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Old 12-21-2018, 09:05 PM
 
642 posts, read 405,914 times
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I have a four year old and I prefer hardcover books but it doesn't really matter. I buy most of mine at Ross for around $4 and they are good quality books.

Maybe I'm in the minority but I can't stand Dr. Seuss books. We have a few that were given to us and I'll read one if she picks it out but I'd rather read just about anything else.

I bought a big box of the Little Miss books for Christmas and I'm hoping they'll be a hit.
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Old 12-26-2018, 07:56 PM
 
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Quote:
Originally Posted by ClaraC View Post
This isn't about hard or soft cover, but please consider giving children in that age range the Pigeon Books by Mo Willems.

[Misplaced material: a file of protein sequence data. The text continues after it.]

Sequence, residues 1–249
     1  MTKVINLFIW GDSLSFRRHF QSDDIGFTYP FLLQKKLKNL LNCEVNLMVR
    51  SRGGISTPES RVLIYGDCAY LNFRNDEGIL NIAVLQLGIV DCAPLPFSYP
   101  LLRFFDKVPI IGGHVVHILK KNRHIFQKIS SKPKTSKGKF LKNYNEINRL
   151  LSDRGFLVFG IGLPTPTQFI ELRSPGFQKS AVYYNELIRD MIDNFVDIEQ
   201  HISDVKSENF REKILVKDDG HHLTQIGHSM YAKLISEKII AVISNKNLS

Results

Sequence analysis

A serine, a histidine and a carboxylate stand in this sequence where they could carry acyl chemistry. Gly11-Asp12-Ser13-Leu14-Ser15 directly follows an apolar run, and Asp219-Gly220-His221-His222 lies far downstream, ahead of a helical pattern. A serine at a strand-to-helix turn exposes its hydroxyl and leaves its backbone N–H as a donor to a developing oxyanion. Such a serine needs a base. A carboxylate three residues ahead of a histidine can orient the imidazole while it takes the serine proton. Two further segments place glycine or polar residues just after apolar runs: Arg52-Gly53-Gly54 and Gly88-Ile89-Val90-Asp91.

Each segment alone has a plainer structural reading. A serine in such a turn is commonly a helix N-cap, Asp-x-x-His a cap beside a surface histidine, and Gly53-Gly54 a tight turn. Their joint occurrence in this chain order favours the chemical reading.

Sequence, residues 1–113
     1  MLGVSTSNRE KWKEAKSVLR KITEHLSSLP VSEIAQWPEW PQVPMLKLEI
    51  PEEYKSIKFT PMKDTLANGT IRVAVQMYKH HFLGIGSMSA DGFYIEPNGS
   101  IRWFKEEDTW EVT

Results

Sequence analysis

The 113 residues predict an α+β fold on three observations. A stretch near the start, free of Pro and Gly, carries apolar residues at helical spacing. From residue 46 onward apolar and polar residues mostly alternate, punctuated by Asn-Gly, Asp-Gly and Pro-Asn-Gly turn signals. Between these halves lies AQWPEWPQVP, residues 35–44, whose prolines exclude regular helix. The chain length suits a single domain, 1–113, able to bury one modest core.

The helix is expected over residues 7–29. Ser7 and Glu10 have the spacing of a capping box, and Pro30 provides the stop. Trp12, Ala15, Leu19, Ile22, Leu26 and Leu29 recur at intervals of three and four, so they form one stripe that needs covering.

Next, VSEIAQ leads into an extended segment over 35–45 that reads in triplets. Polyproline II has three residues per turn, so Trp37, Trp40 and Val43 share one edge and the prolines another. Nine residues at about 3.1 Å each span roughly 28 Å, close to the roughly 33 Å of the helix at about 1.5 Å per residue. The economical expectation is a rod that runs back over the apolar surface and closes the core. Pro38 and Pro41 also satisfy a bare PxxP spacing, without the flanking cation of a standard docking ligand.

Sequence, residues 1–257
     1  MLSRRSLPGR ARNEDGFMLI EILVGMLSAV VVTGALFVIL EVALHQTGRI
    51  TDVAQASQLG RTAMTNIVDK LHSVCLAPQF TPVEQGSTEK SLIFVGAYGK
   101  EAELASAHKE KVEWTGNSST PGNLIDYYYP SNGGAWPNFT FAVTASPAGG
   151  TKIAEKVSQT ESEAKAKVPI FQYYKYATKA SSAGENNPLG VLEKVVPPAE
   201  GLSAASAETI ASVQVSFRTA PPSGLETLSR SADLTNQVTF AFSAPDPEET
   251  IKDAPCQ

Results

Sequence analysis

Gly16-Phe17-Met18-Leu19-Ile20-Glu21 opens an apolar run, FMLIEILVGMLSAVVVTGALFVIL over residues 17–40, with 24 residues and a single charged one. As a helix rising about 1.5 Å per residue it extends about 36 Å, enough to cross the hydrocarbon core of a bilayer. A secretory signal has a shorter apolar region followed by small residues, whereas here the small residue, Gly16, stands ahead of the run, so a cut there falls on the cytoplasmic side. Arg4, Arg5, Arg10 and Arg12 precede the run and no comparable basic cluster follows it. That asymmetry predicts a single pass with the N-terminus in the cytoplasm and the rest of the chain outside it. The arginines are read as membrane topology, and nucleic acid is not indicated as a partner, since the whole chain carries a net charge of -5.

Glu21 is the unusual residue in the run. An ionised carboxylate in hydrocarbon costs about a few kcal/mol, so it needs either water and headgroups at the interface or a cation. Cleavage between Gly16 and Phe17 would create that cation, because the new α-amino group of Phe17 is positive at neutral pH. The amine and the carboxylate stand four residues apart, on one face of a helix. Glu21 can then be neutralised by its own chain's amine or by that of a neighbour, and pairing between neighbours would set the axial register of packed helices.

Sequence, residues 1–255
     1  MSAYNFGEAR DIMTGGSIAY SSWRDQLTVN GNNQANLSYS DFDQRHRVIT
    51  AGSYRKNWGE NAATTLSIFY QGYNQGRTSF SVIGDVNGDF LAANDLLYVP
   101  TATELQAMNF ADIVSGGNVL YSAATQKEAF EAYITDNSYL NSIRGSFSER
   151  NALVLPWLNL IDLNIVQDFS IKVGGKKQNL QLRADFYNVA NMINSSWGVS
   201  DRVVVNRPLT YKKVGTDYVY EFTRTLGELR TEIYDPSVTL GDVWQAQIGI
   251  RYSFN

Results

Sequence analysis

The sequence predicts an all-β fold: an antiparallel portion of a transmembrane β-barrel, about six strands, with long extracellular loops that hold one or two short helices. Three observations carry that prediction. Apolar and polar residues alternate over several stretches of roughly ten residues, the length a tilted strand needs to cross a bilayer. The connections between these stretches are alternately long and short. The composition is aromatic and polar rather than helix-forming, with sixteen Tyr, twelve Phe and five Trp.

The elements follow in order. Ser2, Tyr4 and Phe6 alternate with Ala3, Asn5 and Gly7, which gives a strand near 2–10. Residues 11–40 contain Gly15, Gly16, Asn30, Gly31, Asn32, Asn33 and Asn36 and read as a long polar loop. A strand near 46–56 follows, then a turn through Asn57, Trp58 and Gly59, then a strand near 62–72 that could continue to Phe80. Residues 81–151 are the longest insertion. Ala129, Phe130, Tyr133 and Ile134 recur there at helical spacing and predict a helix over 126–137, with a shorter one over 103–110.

Oh my gosh. Kids LOVE these books, and are inspired to read.

Don't Let the Pigeon Drive the Bus.

The Pigeon Wants a Puppy.

The Duckling Gets a Cookie.

The Pigeon Needs a Bath.

Just sayin'.
And Nanette's Baguette!
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Old 12-26-2018, 08:04 PM
 
227 posts, read 95,977 times
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Quote:
Originally Posted by charlygal View Post
I looking at giving some gifts. I wanted to get the opinions of actual parents. For young children (age 4-8), do you prefer children's picture books in hardback or softback cover?

I know hardbacks are more durable. However, in this age group, reading ability changes so fast, that I would think the child would go through books really fast. Softcover tends to be a bit cheaper and this would allow one to buy more books overall.